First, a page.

1/20 We drove to a crafts fair at Bluebonnet RV Park in Mission, TX this morning at the invitation of Kathy and Jim Vouchell. We met them last summer at Ferne Clyffe State Park in Illinois where they were the camp hosts. There are many RV parks up and down the Valley catering to the "snowbirds" and many have craft fairs.

Leaving the Vouchell's, we drove south to Bentson Palm State Park along the Rio Grande. At one time this Park had camping facilities, but now it's strictly for day use. The vegetation is dense with honey mesquite, black ebony, cactus and underbrush. While driving the loop around the interior of the Park, we stopped at a small resaca, sat on a bench, and watched the ducks and small birds. One new species for us was the Altamira oriole, a resplendent orange bird with a black face and throat, which is only seen in the Valley. Continuing our drive, we came upon a bird feeder with a variety of birds flitting in and out. Grazing beneath the feeder was a young Havalena, just as content as you please. This sighting certainly added to our nature expedition.

1/31 We were up early this morning and on the road to Port Mansfield, TX for a weekend with Ron & LaVonne Ellisor; our friends from Houston who have built a lovely home in Mansfield. LaVonne is an artist and Ron is a superb fishing guide, when he's not selling electrical components to chemical companies.

LaVonne prepared a delicious salad lunch of chicken, pasta, crab and marinated black beans. Afterwards, Ron and I headed across the street to the boathouse, and begin our afternoon of fishing. We rode for a couple of miles into the shallows of Laguna Madre, which is a large body of water separating Padre Island and the mainland. Here the water is very shallow and the fishing is done at a depth of 6 inches to 5 feet.

. Returning, we filleted our red fish, met the girls and walked up the street to a small restaurant… fillets in hand. There, they cooked our fish to order and served it with side dishes. The red fish were prepared in 3 different ways: blackened, broiled with Italian seasoning, and broiled with Pico de Gallo…ALL three methods were outstanding.

2/3 Tom Dorsey, of Dorsey Wright and Associates, wrote a piece about our travelogues in his Daily Equity Report, to the investment community. In it he mentioned, if anybody was interested they could subscribe to our distribution list. One-investment broker, asking to be added to our list was Sam Hahs, the manager of the AG Edwards office in Harlingen, TX. With the help of emails, Peggy and I met Sam and his wife Johnnie, for dinner in Weslaco at the Blue Onion. This restaurant specializes in pizzas, making their own dough, bread and pastas. We enjoyed our visit and thought how great it was to spend an evening with such delightful folks.

2/6 One of the real benefits of the Valley is the availability of fresh fruits and vegetables. Obst Orchard and Market was near our RV Park and we drove past their cauliflower field every day… It was time to make a visit. Their small roadside stand, just off Alamo Road and Nolana, had a wide variety of freshly picked produce. The friendly proprietors helped us choose delicious ruby red grapefruits. While selecting our fruit I heard a burro braying across the highway and mentioned it to the gentleman who was helping us. He said, "Oh, that silly old thing wants an orange" and taking one he lobbed it over the fence to the burro. She tucked her ears, picked up the orange, and started chewing. When finished, she let out yet another bray; he threw her a second orange. Then…she was satisfied. She was no dummy…Yum, fresh fruit!!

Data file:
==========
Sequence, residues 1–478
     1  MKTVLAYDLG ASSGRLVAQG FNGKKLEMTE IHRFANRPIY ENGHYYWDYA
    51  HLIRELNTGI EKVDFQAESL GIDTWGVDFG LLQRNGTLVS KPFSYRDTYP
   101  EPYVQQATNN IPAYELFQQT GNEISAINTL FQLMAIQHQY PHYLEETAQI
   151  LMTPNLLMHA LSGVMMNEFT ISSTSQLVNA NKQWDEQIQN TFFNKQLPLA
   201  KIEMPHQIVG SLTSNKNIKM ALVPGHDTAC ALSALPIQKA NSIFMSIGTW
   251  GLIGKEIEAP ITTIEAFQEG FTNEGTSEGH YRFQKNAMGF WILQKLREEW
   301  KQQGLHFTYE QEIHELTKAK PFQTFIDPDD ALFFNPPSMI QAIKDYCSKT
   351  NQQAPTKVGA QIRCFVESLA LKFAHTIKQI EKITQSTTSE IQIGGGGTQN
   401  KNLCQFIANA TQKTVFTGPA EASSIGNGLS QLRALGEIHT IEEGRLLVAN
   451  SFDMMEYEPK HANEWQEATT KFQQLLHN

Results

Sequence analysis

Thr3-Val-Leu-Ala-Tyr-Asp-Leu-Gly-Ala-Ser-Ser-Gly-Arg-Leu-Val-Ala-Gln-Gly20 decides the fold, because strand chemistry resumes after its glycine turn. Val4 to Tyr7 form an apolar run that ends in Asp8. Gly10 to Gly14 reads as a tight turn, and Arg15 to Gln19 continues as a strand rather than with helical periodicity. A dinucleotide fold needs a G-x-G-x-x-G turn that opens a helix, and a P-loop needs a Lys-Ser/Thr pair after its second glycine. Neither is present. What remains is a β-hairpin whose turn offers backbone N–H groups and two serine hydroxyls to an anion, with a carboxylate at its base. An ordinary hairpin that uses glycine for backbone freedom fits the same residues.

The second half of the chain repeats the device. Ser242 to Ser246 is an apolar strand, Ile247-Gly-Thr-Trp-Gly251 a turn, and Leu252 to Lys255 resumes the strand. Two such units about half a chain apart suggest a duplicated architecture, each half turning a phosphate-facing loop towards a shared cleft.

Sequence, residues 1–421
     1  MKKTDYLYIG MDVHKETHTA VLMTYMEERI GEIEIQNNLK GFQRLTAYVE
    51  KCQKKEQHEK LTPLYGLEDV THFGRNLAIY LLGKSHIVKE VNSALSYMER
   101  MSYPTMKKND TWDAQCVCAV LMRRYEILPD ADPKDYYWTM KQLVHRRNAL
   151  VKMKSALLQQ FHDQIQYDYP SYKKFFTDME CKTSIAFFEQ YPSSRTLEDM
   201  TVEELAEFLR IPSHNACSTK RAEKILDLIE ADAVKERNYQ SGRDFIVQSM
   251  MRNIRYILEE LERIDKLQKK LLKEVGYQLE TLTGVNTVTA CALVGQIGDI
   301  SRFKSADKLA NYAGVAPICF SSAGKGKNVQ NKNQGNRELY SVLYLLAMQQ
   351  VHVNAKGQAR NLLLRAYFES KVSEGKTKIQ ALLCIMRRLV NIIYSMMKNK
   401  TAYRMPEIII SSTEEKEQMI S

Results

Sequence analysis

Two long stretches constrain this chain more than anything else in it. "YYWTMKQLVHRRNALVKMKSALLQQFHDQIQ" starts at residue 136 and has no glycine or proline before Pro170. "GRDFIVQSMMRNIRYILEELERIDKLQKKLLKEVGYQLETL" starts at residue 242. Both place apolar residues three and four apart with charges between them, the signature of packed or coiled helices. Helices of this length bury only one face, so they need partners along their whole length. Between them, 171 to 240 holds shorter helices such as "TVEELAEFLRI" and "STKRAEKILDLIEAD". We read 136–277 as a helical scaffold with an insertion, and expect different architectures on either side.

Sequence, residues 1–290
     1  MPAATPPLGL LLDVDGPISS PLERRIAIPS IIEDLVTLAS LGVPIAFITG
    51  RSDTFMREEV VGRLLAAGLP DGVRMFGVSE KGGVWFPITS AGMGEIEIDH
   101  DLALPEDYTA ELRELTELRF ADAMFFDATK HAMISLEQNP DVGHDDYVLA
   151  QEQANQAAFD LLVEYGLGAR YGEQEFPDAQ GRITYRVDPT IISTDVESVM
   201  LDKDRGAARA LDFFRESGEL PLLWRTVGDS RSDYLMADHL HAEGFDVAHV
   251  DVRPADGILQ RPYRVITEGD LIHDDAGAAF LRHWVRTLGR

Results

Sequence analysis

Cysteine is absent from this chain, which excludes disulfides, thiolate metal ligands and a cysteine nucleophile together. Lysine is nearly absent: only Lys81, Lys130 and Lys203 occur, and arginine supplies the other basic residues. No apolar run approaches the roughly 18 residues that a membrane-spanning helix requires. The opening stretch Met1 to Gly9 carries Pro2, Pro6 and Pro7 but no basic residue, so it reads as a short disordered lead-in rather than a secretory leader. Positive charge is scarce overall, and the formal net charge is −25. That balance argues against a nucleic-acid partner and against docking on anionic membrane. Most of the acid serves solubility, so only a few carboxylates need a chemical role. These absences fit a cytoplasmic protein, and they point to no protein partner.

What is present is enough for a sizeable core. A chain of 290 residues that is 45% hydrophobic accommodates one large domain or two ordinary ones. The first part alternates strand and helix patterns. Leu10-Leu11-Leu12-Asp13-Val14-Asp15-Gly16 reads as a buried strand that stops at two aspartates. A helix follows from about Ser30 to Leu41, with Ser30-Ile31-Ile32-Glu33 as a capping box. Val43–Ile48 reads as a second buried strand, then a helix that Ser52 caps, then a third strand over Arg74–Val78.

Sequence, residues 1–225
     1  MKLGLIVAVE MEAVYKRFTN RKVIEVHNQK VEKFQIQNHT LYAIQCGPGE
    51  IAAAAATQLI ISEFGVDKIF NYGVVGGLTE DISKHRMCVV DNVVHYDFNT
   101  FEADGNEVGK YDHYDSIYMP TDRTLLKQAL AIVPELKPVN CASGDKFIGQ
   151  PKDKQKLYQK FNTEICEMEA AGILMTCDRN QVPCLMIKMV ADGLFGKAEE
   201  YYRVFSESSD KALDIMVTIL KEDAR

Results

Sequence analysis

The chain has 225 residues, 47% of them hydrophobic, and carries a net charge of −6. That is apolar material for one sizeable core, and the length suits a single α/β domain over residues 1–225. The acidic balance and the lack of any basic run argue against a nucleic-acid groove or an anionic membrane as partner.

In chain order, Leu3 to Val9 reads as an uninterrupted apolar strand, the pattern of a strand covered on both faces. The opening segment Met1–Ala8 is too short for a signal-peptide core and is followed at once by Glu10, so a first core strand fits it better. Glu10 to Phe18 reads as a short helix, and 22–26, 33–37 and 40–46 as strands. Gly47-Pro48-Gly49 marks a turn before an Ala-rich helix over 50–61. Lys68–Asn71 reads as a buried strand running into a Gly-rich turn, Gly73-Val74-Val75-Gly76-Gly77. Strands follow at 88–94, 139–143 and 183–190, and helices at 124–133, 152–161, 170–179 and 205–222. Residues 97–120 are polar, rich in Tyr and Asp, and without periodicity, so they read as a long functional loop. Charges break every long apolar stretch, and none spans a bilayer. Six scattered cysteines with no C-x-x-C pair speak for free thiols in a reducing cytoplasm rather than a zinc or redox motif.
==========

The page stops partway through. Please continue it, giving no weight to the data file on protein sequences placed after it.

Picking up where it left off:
2/15 We began this Sunday by going to the 9 am service at St. John's Episcopal Church in McAllen. The music was especially uplifting and joyful. After the service, we met the talented Music Director, Arlyn Olson, and expressed to him how much his music and singing added to our worship experience.

Leaving church, we stopped at Anne's Restaurant for brunch on Business 83, east of Road-I in Alamo. Anne's is a small café serving luncheon specials each day, all below $5, and the Sunday special is always fried chicken, 2 veggies and a roll. This place is a real hit with the "Winter Texans" and us.

This afternoon we drove to Mission, turned north onto Main Street and discovered a major cross street named after Tom Landry, native of the town and former Dallas Cowboy football coach. Continuing down Business 83, we noticed two bell towers in the distance and discovered they flanked the front of an old Catholic Church, along with two large statues of saints. What really caught my attention was the marquee displaying the times of services. It read something like this, "8 am Mass in Spanish, 9 am Mass in Tex-Mex and 10:30 Mass in English". We had never seen or heard of a Tex-Mex Mass. Just then a lady happened to be leaving the church; we asked her what a Tex-Mex Mass was? She said," It's a Mass that has a mix of Tex-Mex". Which I assume she meant, a Mass spoken in English and Spanish with a few colloquial words for accent.

Driving Business 83 through Mission reminded me of a boyhood memory from the early 50's. While on a family vacation, we traveled this same 4-lane highway, which was the major thoroughfare connecting the small towns in the Valley. It was the July 4th weekend, we had a new 1950, 4-door, green Dodge with felt seats and no air conditioning, and were on our way to Corpus Christi from Laredo. I remember these same palm trees lining the highway. I had never seen a palm tree and, as a 9-year-old kid, that impression never left me.